fish oil supplement review

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I Used a Fish Oil Supplement for a Month, and This Is How My Body Changed

I'm only the messenger
fish oil supplement review

1989studio/Shutterstock

Despite its popularity, I had never really considered taking a fish oil supplement, mostly because I think the pills are huge and hard to swallow. But one day, my mom quite literally showed up at my doorstep with a bottle in hand and I decided to give it a go.

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I'm vegetarian and I don't always get the nutrients I need. Many of those nutrients come from fish, and Mom thought the supplements would be a good way to stay on top of my health. OK fine, I'll be honest, I actually had no idea what those nutrients were, what they did or whether my body was being affected by their absence. But I tried the pills nonetheless and I went in blind.

For exactly one month, I took one pill a day with water in the morning before leaving the house for work — and before making breakfast on weekends — and waited for something to happen. And ... nothing happened. Was it working? Did someone give me a placebo? Was I being Punk'd? I had only ever heard of pregnant women taking fish oil to nurture their growing babies, so halfway through my experiment, I turned to Google for answers. 

Here's the scoop: Fish oil is jam-packed with omega-3 fatty acids that play an important role in brain function, growth, development and inflammation. Our bodies don’t have the ability to produce these fatty acids on their own, so we have to get them from fatty fish like salmon, mackerel and sardines, or by taking a supplement.

Omega-3 fatty acids are touted as helping with depression and anxiety; eye, brain, liver, bone, joint and heart health; ADHD; metabolic syndrome; inflammation; asthma; autoimmune diseases like Type 1 diabetes and multiple sclerosis; psychiatric disorders like schizophrenia and bipolar disorder; age-related mental decline; menstrual pain; and sleep.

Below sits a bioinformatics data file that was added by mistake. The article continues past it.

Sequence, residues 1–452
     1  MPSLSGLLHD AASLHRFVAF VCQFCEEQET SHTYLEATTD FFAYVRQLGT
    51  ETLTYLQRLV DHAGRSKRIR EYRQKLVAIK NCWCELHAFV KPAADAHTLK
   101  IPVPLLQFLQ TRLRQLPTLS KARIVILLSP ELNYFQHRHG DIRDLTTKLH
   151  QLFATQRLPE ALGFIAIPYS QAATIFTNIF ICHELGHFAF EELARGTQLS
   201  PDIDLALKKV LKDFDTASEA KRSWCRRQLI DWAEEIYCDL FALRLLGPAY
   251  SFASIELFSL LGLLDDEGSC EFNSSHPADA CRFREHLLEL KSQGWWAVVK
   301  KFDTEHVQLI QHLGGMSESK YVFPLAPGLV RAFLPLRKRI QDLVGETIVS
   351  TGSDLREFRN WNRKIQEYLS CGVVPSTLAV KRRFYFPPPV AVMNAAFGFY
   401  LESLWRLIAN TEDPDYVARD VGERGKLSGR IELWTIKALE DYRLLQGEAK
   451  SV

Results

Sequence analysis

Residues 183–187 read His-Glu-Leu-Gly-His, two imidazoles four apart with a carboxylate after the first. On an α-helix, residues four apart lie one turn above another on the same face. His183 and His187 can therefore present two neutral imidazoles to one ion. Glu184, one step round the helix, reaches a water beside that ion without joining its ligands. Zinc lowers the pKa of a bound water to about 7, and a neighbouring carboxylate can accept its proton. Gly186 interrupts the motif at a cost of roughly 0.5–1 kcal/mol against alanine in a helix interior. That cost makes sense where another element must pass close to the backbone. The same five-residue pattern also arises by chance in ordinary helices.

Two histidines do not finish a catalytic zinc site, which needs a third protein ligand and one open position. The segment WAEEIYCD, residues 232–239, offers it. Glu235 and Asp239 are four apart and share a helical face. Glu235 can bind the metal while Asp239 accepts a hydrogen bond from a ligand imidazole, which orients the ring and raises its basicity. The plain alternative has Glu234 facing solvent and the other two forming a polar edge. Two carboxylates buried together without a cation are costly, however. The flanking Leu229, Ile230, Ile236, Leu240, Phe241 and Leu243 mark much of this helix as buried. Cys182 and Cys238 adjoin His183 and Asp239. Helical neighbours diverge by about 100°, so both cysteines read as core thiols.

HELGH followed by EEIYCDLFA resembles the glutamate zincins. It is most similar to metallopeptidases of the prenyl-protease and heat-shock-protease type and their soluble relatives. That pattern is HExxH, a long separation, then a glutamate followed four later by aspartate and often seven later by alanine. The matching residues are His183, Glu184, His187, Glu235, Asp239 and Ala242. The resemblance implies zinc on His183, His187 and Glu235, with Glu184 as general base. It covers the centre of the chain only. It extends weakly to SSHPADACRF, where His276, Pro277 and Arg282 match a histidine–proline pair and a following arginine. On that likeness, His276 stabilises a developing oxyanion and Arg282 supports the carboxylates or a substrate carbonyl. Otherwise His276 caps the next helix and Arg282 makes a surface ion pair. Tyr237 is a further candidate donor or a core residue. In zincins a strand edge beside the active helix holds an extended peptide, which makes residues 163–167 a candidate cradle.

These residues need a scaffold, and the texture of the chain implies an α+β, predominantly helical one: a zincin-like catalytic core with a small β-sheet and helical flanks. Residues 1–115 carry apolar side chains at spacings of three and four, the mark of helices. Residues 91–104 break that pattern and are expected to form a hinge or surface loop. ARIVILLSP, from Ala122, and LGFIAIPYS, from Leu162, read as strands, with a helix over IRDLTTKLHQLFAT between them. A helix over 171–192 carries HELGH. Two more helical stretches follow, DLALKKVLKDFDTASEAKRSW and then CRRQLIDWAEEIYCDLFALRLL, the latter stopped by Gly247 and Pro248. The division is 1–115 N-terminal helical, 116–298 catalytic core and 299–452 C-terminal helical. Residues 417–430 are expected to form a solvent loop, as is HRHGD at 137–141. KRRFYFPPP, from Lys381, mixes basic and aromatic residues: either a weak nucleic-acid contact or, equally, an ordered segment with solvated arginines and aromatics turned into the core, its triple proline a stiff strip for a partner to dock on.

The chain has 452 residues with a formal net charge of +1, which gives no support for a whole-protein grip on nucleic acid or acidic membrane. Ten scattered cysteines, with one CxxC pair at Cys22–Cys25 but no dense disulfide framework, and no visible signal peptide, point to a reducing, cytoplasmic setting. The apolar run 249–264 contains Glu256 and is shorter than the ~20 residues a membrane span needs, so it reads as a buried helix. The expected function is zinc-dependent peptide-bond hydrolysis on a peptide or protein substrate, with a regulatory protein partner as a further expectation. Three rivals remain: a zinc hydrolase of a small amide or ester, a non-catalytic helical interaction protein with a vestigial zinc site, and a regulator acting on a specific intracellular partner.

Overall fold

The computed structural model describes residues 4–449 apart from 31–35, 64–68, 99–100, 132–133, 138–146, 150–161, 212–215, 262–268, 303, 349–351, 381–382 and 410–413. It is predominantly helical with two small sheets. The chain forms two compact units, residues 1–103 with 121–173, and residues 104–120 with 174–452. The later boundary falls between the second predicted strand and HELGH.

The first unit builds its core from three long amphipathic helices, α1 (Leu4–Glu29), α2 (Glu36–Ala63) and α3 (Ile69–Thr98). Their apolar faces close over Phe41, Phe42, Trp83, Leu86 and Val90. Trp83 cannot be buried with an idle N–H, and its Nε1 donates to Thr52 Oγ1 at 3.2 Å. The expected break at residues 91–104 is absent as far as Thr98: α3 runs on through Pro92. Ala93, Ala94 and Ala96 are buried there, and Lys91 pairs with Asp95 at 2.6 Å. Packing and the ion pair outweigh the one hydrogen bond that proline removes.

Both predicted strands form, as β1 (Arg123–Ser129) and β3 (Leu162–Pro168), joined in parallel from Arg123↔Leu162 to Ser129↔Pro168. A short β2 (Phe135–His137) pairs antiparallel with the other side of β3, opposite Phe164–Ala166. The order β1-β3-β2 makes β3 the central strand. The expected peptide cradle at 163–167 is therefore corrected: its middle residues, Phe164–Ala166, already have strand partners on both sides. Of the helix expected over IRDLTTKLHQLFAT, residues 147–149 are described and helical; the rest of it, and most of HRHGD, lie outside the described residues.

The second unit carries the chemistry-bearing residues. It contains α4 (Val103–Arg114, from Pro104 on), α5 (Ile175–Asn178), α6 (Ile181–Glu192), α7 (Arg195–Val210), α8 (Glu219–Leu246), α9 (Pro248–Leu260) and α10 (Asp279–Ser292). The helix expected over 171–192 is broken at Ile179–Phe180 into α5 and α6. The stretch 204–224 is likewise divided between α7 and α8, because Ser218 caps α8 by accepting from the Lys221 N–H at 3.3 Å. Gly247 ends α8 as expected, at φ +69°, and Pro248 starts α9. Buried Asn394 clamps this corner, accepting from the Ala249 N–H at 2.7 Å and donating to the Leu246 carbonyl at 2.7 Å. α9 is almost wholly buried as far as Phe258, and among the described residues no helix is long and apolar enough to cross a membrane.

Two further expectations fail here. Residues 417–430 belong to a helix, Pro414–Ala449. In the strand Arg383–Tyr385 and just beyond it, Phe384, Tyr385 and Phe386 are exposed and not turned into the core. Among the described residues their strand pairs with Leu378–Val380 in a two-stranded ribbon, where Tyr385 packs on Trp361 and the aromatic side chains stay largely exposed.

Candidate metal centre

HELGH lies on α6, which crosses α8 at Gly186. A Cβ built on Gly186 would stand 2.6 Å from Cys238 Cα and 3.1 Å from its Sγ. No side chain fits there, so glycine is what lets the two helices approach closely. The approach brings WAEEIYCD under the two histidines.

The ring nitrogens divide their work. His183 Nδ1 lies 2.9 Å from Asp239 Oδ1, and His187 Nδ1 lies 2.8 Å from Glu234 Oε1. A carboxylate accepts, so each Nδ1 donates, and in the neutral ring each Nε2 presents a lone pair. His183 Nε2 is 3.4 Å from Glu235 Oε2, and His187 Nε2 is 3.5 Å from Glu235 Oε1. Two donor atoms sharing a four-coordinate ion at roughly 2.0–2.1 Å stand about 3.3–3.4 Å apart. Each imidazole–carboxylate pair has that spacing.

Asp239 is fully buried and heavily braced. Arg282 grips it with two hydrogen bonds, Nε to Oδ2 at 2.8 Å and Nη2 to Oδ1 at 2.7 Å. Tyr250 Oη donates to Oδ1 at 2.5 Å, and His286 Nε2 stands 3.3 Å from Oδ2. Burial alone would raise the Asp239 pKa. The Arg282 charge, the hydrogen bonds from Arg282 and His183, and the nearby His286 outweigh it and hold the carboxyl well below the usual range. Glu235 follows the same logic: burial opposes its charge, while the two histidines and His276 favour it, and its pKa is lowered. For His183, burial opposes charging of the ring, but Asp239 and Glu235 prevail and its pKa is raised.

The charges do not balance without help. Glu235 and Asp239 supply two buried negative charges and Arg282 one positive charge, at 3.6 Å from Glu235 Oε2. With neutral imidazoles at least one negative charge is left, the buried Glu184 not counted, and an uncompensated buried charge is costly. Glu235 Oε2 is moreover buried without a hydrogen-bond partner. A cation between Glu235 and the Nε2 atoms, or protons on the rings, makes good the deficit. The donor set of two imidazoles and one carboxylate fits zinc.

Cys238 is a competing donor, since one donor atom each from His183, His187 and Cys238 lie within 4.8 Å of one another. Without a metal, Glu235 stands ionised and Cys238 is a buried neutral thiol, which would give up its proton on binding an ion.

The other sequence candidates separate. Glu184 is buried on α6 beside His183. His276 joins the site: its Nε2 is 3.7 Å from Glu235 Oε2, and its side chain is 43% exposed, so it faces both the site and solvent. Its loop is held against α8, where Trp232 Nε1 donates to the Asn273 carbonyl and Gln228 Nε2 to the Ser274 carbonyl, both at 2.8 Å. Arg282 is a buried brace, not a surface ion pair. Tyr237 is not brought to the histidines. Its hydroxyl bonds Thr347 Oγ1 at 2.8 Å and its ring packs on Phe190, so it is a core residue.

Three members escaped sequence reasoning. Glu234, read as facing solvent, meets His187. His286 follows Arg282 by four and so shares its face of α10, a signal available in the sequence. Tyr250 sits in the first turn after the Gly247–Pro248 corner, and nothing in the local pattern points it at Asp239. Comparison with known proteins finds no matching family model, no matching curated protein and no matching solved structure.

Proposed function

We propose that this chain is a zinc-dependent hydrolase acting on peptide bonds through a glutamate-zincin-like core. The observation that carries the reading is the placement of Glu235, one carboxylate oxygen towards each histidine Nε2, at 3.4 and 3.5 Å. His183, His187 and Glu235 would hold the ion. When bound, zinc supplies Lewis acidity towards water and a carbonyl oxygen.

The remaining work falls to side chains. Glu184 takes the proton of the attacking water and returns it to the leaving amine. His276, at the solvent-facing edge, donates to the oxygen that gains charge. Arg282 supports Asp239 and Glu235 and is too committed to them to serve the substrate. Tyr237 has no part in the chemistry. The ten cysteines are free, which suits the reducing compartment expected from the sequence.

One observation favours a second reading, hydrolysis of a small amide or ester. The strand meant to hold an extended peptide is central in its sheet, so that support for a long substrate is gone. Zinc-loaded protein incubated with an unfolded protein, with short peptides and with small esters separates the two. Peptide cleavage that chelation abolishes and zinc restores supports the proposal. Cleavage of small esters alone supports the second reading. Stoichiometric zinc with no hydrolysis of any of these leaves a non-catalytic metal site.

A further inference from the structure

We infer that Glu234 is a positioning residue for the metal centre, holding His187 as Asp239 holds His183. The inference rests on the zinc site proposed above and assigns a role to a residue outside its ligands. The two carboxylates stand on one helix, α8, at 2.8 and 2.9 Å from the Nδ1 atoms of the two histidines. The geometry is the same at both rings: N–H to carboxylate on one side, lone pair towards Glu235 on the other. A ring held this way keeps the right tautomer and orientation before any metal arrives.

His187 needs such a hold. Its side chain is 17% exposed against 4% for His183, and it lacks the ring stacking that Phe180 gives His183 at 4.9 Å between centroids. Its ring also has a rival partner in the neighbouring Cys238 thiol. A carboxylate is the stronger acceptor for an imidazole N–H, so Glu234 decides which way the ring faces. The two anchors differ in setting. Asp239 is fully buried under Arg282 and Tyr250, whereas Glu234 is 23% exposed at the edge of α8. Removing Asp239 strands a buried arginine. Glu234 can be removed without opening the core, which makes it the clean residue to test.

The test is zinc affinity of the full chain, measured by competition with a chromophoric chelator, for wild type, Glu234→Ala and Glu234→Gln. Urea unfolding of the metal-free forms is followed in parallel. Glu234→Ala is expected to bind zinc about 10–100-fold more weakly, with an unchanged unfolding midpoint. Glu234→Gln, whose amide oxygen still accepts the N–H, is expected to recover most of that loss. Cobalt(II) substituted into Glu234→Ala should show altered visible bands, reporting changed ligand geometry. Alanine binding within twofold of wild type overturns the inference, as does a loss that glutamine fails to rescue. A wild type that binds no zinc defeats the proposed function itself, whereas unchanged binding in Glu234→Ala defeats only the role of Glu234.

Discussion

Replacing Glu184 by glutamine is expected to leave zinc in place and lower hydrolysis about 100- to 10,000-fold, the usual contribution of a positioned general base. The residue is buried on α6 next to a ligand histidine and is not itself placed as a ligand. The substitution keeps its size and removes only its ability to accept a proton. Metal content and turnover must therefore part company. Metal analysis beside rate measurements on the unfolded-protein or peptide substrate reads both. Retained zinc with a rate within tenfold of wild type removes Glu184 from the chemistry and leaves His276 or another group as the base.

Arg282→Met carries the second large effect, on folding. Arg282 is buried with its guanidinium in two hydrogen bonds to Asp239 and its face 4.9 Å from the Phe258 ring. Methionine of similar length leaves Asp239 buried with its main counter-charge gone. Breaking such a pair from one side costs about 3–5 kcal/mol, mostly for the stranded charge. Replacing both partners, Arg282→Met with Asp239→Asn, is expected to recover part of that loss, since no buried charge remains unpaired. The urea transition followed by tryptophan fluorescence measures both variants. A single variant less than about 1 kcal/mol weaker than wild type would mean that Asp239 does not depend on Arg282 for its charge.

The World Health Organization recommends one to two servings of fish per week, but if you don’t eat seafood, you can take a supplement. A person’s daily intake of omega-3s depends on a number of factors, but according to the National Institutes of Health, 1,600 milligrams are adequate for men and 1,100 milligrams are suggested for women 14 and older. To decide what’s best for you, consult a doctor.

I, however, did not, and went with a dosage of 1,400 milligrams because, well, that's what my mom showed up with. The brand was Finest Nutrition, and the bottle came with 90 large, softgel tablets. You can find this or something similar at your local drug store or online through retailers like Amazon.

Like I said earlier, I didn't really know what to expect from this. I'm a relatively healthy 25-year-old who has never worn prescription glasses — only the ones that block those awful blue light rays from the computer screen. My brain is fine, I think, though I should really read more, and my bones and joints feel just as they always have. I am, in a sense, what my grandfather might call a "spring chicken." 

But, like 40 million other adults in America, I do have anxiety. I didn't experience relief from the fish oil, and I wasn’t exactly expecting to given all the other influences that contribute to these emotions. So after considering my options, I figured there were two things that I was hoping to get from the experiment.

The first was healthier skin. Mine is miserably dry year-round. Admittedly much of it is my fault because I don’t always drink enough water and I only moisturize my face, but still. I started the experiment during cold-weather months and was the dryest I had ever been in my life. The back of my hands felt like sandpaper and three of my knuckles were cracked. My skin was begging for mercy, but it didn’t get any from the fish oil. Is this how my house plants feel? That they could turn to dust at the drop of a hat? It's time to subscribe to lotion, I guess.

My second hope was in regards to my heart. Over the past couple years, I developed premature ventricular contractions, or PVCs — a type of abnormal and uncomfortable heartbeat. According to my cardiologist, mine are caused by unnatural adrenaline provoked by undetermined factors like alcohol, coffee or stress, to name a few. Because omega-3s protect the heart, I was curious to see if fish oil would give me any relief. Studies show that it has very little effect on people with this issue. Now I, too, can confirm that.

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So basically, I didn’t notice any differences, but I could be experiencing things blind to the human eye. Research suggests that omega-3s support the prevention of larger complications like heart disease, cancer (colon, esophageal, oral, rectal, breast and prostate) and dementia. Also, it could take anywhere from six weeks to six months to see a significant change, so I’m going to keep taking it. To learn more about the potential benefits of this supplement, here’s everything you need to know about fish oil.